Faculty of Arts

The Arts Peacocks

Further information


One of Arts peafowl

The Faculty of Arts is home to a small family of peacocks.

While generally referred to as peacocks they are in fact peafowl, as peacock refers to the male bird (with peahen and peachick describing the female and offspring respectively).

Three peacocks and two peahens currently live in the New Fortune Theatre.

How did they get here?

A small flock of two peacocks and three peahens was donated to the University in 1975 by Sir Laurence Brodie Hall, with the intention that they would live in the Great Court in front of Winthrop Hall.

One peacock was run over soon after, one peahen settled in Hackett Hall and was never seen again, one peahen made her way to Monash Avenue in Shenton Park and then disappeared and one mating pair made a home for themselves in the New Fortune Theatre in the Faculty of Arts. The male of that pair, called Andrew, lived in the Faculty for more than 30 years.

Are the white ones albinos?

Definitely not. They are a normal genetic variety. At present, we have three sexually-mature blue males, and one of them is genetically termed a hybrid - this means that he holds one blue and one white gene, with blue being dominant. One of our 'normal' coloured peahens, is also a hybrid and so whenever the hybrids mate we have a one in four chance of seeing white peachicks hatched.

Without the tell-tale transition from brown to blue in the first year of a young male's life, it is difficult to tell if the white peafowl are male or female until male birds grow the long train typical of their gender. This can take two to three years!

Do they have names?

The birds do all have names. We have two brown peahens called Susan and Penny. Our oldest male is called Eddy. He was named after Sir Edmund Hillary because he liked to climb things when he was a chick. The middle male is called Alistair. No one can quite remember why we called him that. The youngest male is Vern, after a former caretaker's father.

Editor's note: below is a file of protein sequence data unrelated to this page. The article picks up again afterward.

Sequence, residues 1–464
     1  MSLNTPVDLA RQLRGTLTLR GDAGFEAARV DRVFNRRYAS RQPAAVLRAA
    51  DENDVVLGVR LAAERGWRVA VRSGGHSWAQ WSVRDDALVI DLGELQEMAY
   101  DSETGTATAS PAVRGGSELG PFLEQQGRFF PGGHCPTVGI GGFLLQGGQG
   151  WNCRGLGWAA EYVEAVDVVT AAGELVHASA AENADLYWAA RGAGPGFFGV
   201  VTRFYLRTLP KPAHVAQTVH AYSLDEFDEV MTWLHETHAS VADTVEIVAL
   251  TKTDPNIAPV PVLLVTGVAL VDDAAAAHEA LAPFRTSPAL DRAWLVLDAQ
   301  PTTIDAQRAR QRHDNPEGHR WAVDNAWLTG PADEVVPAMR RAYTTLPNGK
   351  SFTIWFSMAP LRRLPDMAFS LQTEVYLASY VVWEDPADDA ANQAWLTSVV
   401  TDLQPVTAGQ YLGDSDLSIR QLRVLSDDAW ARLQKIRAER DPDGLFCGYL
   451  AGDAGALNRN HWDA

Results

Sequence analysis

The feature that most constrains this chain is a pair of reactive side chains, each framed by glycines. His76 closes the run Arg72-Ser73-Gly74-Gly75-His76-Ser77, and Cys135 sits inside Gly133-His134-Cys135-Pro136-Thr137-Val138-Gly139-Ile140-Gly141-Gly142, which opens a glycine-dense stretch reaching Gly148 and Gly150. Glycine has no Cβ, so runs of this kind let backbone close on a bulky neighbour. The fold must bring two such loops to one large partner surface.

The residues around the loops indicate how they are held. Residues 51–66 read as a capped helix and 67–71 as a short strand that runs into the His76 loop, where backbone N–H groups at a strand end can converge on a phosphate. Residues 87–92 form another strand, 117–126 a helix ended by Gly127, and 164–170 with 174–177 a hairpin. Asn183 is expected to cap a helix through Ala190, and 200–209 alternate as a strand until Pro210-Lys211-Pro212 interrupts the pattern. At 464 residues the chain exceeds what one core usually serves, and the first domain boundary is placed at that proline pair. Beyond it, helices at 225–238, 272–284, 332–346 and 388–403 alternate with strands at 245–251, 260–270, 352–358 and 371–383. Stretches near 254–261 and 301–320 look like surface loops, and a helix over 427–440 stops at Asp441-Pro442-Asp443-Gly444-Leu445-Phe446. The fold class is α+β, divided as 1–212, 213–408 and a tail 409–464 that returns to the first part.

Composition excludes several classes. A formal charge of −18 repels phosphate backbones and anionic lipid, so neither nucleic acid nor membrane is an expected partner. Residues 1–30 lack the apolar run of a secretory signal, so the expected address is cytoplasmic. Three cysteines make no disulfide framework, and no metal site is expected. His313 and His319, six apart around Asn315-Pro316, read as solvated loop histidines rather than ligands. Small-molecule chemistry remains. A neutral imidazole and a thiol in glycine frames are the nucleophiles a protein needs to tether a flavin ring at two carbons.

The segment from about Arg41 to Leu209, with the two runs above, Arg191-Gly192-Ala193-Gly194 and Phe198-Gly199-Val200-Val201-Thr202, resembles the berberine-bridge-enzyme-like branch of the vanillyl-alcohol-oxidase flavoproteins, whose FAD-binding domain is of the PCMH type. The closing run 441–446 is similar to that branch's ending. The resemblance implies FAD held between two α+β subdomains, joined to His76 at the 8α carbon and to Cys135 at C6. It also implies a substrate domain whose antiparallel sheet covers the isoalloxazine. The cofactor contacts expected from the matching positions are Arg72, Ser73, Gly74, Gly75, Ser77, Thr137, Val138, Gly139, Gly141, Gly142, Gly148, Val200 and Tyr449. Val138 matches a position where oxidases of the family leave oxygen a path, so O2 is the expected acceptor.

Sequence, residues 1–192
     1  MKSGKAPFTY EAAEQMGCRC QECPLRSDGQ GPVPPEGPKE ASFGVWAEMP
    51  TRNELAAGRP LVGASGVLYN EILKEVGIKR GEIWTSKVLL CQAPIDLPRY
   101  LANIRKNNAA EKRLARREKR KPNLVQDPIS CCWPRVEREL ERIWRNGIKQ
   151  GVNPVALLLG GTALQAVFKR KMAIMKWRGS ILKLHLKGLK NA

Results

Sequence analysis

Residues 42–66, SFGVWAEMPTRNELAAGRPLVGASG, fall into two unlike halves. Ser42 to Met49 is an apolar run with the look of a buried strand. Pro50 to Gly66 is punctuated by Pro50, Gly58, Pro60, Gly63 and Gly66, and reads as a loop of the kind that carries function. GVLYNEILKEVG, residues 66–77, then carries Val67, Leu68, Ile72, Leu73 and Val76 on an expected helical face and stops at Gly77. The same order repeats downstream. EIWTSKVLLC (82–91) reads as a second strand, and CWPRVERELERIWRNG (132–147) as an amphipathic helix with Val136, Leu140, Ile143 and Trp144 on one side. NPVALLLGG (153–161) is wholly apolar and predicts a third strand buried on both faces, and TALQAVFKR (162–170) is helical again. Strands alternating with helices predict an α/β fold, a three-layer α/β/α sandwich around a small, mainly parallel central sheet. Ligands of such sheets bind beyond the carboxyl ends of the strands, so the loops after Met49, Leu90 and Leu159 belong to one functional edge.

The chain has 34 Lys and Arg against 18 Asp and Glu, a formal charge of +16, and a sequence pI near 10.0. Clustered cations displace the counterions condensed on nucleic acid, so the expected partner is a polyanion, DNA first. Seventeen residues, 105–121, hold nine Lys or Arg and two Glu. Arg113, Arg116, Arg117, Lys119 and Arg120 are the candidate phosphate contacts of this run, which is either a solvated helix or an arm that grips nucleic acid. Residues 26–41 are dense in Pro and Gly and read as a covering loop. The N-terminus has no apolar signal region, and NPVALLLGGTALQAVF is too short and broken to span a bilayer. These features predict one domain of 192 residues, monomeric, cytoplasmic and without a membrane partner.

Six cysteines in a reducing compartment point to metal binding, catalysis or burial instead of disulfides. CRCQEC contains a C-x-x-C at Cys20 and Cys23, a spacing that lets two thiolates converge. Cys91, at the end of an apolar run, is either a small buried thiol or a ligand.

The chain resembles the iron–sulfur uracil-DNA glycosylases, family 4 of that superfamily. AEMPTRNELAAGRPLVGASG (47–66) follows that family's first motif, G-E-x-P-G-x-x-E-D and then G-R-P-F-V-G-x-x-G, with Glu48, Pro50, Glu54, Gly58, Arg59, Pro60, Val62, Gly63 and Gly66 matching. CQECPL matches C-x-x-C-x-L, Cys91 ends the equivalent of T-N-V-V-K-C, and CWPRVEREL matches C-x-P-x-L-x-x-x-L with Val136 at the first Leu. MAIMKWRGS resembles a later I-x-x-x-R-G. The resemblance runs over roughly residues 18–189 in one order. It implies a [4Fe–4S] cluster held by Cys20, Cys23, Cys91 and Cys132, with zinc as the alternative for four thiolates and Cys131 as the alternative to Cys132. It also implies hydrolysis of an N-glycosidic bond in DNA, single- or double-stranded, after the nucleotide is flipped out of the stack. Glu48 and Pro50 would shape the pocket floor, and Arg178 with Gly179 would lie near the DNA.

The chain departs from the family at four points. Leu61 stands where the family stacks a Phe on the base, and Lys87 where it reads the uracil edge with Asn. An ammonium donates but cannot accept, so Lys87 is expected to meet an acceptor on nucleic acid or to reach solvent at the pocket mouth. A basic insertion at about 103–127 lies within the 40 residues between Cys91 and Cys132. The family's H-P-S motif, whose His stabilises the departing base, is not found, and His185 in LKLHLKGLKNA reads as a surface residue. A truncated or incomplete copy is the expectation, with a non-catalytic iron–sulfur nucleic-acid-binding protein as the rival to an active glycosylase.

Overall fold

Other peafowl that were part of the family at the Arts Building:

  • Andrew - believed to be one of the original ones first introduced to the University. Sadly Andrew did not survive a dog attack in 2009.
  • Ann - the oldest peahen, passed away in early 2011.
  • Alex - the only white hen, named after the Alexander Lecture Theatre which she wandered into as a very young chick, passed away in November 2012.

How do you control the numbers?

Our ideal flock size is five (four females and one male) so when the numbers grow we have to find new homes for the extras. Many people ask us if they can have or buy peacocks from us. If there are extras available, we are happy to give the peacocks to new owners once we are satisfied that the new home is appropriate (a large enclosure is necessary for inital housing). It is not appropriate to keep peacocks in suburban backyards. Typically they go to farms or properties where they can be kept in large enclosures with high roosting points (preferably trees) at night and be let out free to roam around and explore during the day.

At present, we have the less-than-ideal combination of three male and two female birds, but they all seem to tolerate each other quite well.

Can they be fed by visitors?

We don't encourage feeding the peafowl as we need to control their diets, and they will also sharply peck the food out of your fingers. However, if you are especially keen, the peacocks can safely be given small pieces of apple, banana, celery leaves or a few breadcrumbs.